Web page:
The third scenario is where the frustration sets in for the Wolf Pack. If Nevada beats San Jose State and Wyoming beats Boise State, the title game would be Boise State against San Jose State. Nevada would then be the only team among the top three that wins this weekend and still would not get to play in the title game. Boise State, consequently, is in the title game already, win or lose on Saturday.

How’s that for frustrating?

If Nevada beats San Jose State and Wyoming beats Boise State there would be a three-way tie for first among Nevada, Boise State and San Jose State. It would be considered a three-way tie because all three teams would have one loss. Winning percentage would be ignored, according to the Mountain West system, because all three teams would have played a different number of league games.

Also, since all three teams did not play each other and did not play all of the same league teams, the tiebreaker used to determine the two title game participants would be common opponents.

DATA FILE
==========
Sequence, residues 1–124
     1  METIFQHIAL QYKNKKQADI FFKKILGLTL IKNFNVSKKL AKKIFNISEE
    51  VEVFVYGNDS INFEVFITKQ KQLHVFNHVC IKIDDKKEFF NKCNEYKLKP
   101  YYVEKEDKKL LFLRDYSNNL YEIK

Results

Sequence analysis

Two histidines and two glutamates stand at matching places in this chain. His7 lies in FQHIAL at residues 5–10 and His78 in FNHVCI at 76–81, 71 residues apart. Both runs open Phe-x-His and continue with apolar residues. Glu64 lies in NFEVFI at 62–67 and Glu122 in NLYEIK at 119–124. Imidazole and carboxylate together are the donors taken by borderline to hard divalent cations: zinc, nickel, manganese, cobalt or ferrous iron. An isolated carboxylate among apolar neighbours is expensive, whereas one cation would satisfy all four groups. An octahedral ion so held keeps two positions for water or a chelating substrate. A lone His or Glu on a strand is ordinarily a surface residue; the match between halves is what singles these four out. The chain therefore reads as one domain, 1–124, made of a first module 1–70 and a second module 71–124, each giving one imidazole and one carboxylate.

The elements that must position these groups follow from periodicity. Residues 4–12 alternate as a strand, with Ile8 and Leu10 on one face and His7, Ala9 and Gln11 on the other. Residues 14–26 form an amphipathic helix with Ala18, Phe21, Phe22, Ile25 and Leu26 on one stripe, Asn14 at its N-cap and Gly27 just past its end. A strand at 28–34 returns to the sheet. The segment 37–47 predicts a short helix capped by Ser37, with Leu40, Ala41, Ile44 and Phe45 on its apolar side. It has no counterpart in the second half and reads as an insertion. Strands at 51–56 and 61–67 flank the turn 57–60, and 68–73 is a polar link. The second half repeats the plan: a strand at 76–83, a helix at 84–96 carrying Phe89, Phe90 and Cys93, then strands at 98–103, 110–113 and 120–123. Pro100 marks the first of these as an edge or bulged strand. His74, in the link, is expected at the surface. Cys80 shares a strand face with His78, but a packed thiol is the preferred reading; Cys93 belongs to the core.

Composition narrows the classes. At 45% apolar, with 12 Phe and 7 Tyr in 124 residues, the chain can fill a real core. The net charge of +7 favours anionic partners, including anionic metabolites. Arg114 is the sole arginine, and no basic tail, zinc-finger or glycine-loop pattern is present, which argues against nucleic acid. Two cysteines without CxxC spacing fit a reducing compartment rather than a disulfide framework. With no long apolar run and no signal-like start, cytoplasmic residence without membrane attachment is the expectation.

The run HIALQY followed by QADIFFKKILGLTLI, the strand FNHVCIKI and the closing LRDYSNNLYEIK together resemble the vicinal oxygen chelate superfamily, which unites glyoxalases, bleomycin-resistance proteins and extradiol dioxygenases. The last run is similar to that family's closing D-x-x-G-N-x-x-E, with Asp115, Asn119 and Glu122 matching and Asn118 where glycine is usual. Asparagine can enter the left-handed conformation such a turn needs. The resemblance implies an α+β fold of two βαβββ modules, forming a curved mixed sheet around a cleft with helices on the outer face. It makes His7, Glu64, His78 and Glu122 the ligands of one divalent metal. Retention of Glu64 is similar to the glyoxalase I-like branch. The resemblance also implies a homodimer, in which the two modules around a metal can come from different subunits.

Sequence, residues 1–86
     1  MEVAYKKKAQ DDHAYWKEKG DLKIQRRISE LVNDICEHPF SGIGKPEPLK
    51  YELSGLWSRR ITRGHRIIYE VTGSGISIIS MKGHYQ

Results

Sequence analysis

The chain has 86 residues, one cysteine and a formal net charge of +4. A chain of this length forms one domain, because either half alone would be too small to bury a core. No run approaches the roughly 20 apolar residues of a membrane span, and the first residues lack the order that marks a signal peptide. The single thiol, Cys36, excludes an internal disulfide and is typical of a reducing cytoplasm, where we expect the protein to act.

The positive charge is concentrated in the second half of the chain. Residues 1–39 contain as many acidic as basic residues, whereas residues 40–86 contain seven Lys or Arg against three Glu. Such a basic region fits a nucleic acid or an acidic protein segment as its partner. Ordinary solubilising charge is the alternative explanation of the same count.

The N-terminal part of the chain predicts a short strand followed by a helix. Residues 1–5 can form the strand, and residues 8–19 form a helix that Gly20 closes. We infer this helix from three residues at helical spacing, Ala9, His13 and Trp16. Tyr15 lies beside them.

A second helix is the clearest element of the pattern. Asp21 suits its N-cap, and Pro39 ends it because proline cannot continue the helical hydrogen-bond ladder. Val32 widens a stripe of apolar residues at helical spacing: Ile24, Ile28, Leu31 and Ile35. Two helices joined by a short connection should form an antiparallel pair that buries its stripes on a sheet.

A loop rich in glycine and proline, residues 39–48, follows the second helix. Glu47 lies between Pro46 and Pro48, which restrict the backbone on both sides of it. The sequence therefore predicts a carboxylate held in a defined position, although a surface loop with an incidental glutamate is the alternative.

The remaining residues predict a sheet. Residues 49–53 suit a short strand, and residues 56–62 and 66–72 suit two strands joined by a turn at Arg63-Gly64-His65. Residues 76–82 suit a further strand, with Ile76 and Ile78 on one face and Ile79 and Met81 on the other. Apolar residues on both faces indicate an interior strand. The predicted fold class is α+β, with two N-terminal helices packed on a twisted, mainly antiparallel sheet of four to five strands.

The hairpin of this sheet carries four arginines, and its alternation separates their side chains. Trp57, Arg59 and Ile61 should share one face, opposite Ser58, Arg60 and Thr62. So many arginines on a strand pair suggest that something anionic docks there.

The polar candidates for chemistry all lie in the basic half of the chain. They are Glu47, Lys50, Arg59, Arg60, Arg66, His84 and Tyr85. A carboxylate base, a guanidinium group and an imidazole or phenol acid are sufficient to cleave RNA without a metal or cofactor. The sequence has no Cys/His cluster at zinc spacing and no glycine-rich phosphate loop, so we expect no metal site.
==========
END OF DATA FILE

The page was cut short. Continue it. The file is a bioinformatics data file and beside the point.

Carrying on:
The only common opponent for Nevada, Boise State and San Jose State this year, unfortunately for the Wolf Pack, is Hawaii. The Pack would be eliminated from the title game in this scenario because Boise State and San Jose State beat Hawaii while the Pack lost at Hawaii.

How’s that for confusing?

“Right now our main focus is San Jose State and coming out with a win,” Wolf Pack running back Toa Taua said. “Whatever happens after that is out of our control.”

The 24-21 loss at Hawaii two weeks ago could end up haunting the Pack all offseason. But beating San Jose State is all the Wolf Pack is concerned with right now.

“All I know is that we’re getting the chance to play Friday night and finish this eight-game season out,” Norvell said.

The game at Sam Boyd Stadium on Friday will be the Pack’s eighth in the state of Nevada over its last 10 games, dating back to late last season. The only regular season game the Wolf Pack will play during this eight-game season outside of Nevada was the loss at Hawaii.